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Live Review: Paul Simon & Sting

24 February 2015 | 2:46 pm | Steve Cribb

The sum of these two music legends was greater than their individual parts.

Perth’s week started with two Giants triumphantly roaming the city streets and ended with two giants of contemporary music delighting thousands of concertgoers on the South Perth foreshore not far from where the puppets had travelled.

To complete the rather obvious analogy, one of the performers towered over the other physically but it was the smaller and more loveable of the two who probably captured more hearts.

Paul Simon and Sting strode on from opposite sides of the stage both wearing black T-shirts.  Sting looked as though he could have come straight from the gym, while his diminutive partner in a trilby would have looked more at home in a New York café.

From the introductions through to the post-encore embrace their mutual respect, bordering on affection, for each other was obvious.

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Sting introduced his collaborator as the great Mr Paul Simon, while to the delight of the crowd Simon reciprocated with an introduction of Mr… Gordon Sumner.

There was no sense of competition or one upmanship between the two but the question in everybody’s mind was: Who is going to be better? 

The concert started on a high with upbeat collaborations on Sting’s Brand New Day and Simon’s The Boy In The Bubble, followed by a hauntingly beautiful duet of Sting’s Fields Of Gold

From there Mr Simon and Mr Sumner disappeared and it was rock legend Sting’s turn to take the first solo set. He started with a quick shoutout to members of his family in the audience.  A group of people in the $500 seats were either family members or happy to claim to be.

Sting’s first solo set comprised of five upbeat songs from The Police. It enabled various members of the combined 14-member backing band to demonstrate their considerable skills on a wide range of instruments, the highlights being an amazing tuba solo and frenetic work on the violin.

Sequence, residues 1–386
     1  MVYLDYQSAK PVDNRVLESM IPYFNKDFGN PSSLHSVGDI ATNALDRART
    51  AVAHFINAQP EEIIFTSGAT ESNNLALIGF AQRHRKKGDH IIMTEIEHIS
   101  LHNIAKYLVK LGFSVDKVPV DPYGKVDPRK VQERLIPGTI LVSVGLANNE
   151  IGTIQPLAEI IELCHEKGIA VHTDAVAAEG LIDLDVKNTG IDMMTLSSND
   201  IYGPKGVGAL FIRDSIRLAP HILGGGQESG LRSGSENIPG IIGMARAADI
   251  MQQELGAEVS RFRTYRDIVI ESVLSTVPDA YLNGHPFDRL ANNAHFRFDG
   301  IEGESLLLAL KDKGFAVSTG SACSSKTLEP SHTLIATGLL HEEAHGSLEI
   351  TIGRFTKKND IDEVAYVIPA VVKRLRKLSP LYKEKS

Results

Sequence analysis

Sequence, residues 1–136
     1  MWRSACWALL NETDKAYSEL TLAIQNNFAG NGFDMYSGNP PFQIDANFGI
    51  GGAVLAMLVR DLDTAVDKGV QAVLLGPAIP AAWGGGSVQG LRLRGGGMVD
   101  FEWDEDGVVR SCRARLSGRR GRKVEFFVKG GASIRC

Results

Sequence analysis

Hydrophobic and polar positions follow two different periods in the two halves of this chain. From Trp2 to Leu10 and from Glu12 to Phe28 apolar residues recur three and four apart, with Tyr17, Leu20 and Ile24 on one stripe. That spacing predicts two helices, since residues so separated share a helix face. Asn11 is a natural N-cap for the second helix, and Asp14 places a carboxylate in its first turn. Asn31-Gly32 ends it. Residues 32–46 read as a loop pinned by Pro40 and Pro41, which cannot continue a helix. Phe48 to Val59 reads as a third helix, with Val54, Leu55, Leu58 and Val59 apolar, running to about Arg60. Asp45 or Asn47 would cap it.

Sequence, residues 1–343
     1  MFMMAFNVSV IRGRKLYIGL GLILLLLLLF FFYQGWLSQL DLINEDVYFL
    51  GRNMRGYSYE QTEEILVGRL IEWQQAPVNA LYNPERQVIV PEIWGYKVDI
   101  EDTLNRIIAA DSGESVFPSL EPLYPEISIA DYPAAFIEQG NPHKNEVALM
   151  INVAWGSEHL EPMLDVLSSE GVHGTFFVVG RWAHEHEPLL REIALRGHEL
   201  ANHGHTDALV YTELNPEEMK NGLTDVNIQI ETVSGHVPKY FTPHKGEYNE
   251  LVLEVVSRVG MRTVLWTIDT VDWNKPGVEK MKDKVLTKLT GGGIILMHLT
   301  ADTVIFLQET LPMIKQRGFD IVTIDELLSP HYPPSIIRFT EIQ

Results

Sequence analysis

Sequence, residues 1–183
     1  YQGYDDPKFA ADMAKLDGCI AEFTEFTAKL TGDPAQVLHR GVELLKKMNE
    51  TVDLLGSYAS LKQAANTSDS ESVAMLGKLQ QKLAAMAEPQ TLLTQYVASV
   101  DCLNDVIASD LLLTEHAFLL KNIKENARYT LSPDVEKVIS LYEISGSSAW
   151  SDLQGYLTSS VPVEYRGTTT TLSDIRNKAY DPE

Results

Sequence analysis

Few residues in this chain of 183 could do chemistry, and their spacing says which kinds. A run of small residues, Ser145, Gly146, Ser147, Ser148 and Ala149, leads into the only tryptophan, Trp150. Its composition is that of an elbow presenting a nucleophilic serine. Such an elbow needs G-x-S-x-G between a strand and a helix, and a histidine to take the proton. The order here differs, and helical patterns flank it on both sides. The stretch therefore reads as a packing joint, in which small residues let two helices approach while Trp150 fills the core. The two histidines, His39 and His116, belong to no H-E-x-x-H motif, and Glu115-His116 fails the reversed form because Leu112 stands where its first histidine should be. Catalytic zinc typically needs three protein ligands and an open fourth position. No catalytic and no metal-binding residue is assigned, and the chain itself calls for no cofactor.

This theme continued throughout the night as the rock giants (last reference we promise) were happy to share the limelight with their considerably talented supporters.  Dozens of instruments ranging from the piano accordion to a metal washboard were used with innovative affect to provide an additional edge to the music.  The soaring vocals of Adelaide girl Jo Lawry complemented the male voices on several numbers.

Sting’s first set climaxed with the classic Walking On The Moon, and then it was time for his partner to rejoin him for a duet of Mrs Robinson which had the crowd singing along.

Simon brought the tempo, but not the crowd’s enjoyment, down with 50 Ways To Leave Your Lover to introduce his solo set.  Unlike Sting, Simon relied more on his solo (post-Garfunkel) work, the highlight being the title track from his seminal 1986 album Graceland.

The transition to Sting’s next solo set was a collaboration of Sting’s Fragile. The highlights of Sting’s second solo set were the Police classics Message In A Bottle and Roxanne which had the crowd in raptures.

Sting and Simon’s voices complemented each other on a joint rendition of the Simon & Garfunkel classic The Boxer before Simon took over with a collection of his solo work which reached a climax with the Graceland tracks Diamonds On The Soles Of Her Shoes and You Can Call Me Al, the sustained a cappella introduction to the latter being one of the great moments of the night. Those two songs with their strong African beat had the crowd out of their seats, never to return.

The significance of Simon’s early work with Art Garfunkel was demonstrated by the fact that two classics from that era along with the Police’s Every Breath You Take made it into the encore.

The two friends had great fun bouncing off each other during Cecilia.  The finale saw them singing alternating lines in a frenetic version of Every Breath You Take followed by alternating verses and a combined chorus of the epic Bridge Over Troubled Water. Sting sensibly did not try to replicate Garfunkel’s role but added his own earthier style to the classic.

The band was sent off to great acclaim while the two buddies stayed behind for one final acoustic version of the Phil Everly classic When Will I Be Loved.

With such a great combined back catalogue of great hits it’s not clear why they would have chosen to finish with a cover, perhaps it was to make the point that they were “On Stage Together” as promoted, and at the end neither was pre-eminent over the other.

In fact over the course of the night their respective contributions in terms of number of songs performed, time on stage and entertainment value was virtually equal.

Fans of Simon from the late 1960s onwards who had come to see him would have left as fans of Sting while fans of Police from the early 1980s and Sting’s subsequent solo work would have been humming Simon classics all the way home. Non-aligned fans would have been doubly pleased as both met even the highest expectations individually and the sum of these two music legends was greater than their individual parts.